How to Live

An Echoic’s latest single “How to Live” is a tongue-in-cheek reflection on hopelessness.

An Echoic’s latest single “How to Live” is a tongue-in-cheek reflection on hopelessness. A loop of despair so deep that it becomes your one-person inside joke. With a certain touch of freak folk, the song has a strange ambiguity that could fool you into optimism if you didn’t pay attention to the lyrics. 

“A very personal experience inspired me to focus on this topic.” An Echoic explains. “A very personal experience called trying to live life.” To the Malmö-based singer-songwriter, there is incoherence in trying to live up to all expectations. “It’s not just that it doesn’t work, it doesn’t work to the point where it’s actually silly.”

Its original version was recorded nearly three years ago. “I tried to make a vocal booth by hanging my duvet over an upright ping-pong table.” he remembers. While the initial recording experiment didn’t fly, the creative process moved forward thanks to the insistence of producer Andrew Feels. An Echoic’s steady collaborator is also known for his work with artists like Emma Beckett.

The overarching topics of most of An Echoic’s music are personal identity and introspection. His two EPs “An Echoic EP” (2016) and “Headless Heathen” (2018) go beyond typical alt-folk expectations. Unconventional harmony and sound design are two of his recurrent themes. 

“How to Live” will be released via Rexius Records on March 11th, part of a series of singles with similar aesthetics.

Artwork by: Georgia Rose

An Echoic

An Echoic’s music is one of those rare gems that encourage you to push beyond your usual listening habits, subtly taking notice of its quirky quality. What started as a solo experiment in 2016 after dropping out of jazz school became a solid artistic project for Martin Kihlstedt, Swedish singer-songwriter based in Canada. His style can remind you of Andy Shauf combined with Tame Impala’s early psychedelics, with a tendency towards experimental songwriting that you’d rather associate with Radiohead.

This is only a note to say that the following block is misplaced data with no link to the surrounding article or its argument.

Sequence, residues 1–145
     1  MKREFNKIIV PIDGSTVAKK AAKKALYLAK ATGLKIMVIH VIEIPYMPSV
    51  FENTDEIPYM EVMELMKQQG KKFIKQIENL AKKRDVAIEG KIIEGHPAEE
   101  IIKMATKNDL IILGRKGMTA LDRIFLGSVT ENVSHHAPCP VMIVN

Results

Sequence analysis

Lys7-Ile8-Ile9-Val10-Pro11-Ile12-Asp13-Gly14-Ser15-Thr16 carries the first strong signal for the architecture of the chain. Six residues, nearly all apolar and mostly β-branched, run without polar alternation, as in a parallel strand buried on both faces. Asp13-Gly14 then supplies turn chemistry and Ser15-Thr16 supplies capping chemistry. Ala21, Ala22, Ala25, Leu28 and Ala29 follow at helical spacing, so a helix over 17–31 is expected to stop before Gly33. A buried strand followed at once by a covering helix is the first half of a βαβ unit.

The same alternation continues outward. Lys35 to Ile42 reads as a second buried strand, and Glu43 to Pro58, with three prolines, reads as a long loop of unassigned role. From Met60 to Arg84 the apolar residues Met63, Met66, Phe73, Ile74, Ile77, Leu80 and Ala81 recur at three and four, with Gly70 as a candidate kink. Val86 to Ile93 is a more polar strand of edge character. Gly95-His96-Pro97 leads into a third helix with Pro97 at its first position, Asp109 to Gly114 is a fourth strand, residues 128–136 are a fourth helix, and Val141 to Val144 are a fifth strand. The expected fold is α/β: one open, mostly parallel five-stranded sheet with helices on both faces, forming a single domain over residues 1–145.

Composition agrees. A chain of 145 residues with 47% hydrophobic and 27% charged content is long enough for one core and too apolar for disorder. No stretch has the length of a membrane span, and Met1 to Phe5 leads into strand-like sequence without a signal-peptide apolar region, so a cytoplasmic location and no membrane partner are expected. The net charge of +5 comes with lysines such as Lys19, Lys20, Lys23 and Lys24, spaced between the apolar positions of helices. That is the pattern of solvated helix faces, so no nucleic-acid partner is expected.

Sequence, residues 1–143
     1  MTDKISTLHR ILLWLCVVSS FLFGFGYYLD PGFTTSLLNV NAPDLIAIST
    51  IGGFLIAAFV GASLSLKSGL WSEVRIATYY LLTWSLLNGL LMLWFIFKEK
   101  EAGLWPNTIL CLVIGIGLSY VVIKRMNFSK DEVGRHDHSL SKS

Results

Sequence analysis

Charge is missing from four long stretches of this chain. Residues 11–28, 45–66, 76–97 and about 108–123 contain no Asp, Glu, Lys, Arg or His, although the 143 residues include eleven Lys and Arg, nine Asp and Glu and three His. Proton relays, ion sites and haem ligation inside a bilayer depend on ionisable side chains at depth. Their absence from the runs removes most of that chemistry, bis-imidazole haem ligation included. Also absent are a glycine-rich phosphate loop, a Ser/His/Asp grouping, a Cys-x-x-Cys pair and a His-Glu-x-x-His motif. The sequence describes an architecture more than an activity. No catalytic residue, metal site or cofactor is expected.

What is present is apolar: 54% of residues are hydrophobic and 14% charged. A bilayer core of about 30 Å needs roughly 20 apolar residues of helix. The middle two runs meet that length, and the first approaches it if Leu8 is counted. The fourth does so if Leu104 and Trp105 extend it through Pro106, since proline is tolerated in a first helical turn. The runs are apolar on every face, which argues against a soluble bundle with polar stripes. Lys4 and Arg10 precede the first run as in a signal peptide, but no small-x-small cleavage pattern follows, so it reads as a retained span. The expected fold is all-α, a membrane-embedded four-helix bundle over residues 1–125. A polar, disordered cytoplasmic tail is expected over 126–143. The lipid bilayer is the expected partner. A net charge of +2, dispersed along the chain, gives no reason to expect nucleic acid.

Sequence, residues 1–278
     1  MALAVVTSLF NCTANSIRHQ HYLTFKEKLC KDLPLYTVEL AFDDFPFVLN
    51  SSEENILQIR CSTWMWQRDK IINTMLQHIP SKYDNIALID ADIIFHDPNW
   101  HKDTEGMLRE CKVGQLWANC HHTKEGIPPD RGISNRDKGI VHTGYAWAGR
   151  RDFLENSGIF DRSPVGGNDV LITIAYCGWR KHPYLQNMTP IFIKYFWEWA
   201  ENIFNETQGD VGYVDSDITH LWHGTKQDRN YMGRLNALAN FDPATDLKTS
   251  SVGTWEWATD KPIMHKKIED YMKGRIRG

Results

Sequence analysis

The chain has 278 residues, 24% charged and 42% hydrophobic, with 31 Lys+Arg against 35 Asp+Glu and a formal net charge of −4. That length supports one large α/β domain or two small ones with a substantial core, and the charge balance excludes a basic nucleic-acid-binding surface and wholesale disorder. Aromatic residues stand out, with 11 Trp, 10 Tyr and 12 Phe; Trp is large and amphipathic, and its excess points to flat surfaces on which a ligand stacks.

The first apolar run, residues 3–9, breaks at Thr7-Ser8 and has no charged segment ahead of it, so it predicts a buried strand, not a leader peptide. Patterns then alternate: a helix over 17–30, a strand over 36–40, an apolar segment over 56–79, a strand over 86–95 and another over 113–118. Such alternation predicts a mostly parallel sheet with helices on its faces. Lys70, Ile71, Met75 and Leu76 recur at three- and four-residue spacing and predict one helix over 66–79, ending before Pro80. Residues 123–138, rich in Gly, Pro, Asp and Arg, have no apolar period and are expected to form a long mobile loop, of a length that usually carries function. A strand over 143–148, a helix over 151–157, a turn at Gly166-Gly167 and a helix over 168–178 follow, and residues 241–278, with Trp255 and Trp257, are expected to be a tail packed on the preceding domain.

Just like Nick Cave, Leonard Cohen or Elliot Smith, An Echoic is not afraid to sing tales about the rough edges of existence. He tackles tough topics with the clinical curiosity of a shaman-philosopher: “I’m always intrigued when I hear stories told by people that have been through unimaginable things. So I wanted to write a story like that.”

The fascination for subtle musical quirkiness developed through years of playing and improvising since his early days in Sweden. He continued to craft this particular style while studying jazz for 2 years in Toronto, where he played and performed with various jazz, funk and blues ensembles.

During this time he also built artistic collaborations with visual artists, producers etc. that gave birth to An Echoic as a fully-formed project. His idea was to create a reflection of himself, rather than just ”a character”, writing music that encourages you to become an active listener. This kind of engagement is very related to the different aspects of introspection (like meditation and a kind of spirituality devoid of religion), which is a central motive for his songs.

Martin released An Echoic’s self-titled debut EP in 2016 and shortly thereafter signed to Rexius Records for his second EP: “Headless Heathen”. A chamber of thoughts in the form of experimental songwriting (recording spoken word and sampling traditional folk instruments, for example) and unimaginable stories.

“Bad Weather” will be released via Rexius Records on January 28th, part of his new series of singles with similar aesthetics.